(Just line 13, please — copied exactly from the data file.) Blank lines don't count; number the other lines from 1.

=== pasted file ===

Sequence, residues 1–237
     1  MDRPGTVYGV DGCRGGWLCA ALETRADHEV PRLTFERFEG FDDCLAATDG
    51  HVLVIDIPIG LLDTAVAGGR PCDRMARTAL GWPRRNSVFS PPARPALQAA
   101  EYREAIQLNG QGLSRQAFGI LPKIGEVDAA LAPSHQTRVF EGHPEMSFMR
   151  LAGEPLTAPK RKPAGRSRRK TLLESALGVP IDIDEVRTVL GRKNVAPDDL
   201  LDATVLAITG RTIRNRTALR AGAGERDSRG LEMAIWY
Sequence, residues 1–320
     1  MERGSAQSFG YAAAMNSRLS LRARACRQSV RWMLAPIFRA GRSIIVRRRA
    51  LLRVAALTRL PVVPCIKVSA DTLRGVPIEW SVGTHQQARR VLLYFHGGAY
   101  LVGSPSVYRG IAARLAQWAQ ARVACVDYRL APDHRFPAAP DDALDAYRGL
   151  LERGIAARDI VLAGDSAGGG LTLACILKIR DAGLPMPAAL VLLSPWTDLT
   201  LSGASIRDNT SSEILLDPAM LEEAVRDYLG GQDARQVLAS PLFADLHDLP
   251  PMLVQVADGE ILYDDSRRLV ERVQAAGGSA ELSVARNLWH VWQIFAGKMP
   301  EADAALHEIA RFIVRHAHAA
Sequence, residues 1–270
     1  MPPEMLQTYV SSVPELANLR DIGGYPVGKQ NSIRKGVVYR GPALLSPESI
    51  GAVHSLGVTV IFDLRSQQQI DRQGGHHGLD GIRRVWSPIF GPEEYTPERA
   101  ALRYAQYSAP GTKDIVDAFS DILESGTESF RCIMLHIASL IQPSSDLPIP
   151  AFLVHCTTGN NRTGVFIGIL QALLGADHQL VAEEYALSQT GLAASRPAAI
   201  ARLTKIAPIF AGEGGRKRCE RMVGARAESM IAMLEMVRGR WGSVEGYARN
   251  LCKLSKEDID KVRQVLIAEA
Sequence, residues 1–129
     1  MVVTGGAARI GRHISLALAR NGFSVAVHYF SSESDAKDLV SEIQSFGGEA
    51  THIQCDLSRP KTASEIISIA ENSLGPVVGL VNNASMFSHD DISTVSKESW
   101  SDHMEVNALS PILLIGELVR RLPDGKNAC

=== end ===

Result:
   251  PMLVQVADGE ILYDDSRRLV ERVQAAGGSA ELSVARNLWH VWQIFAGKMP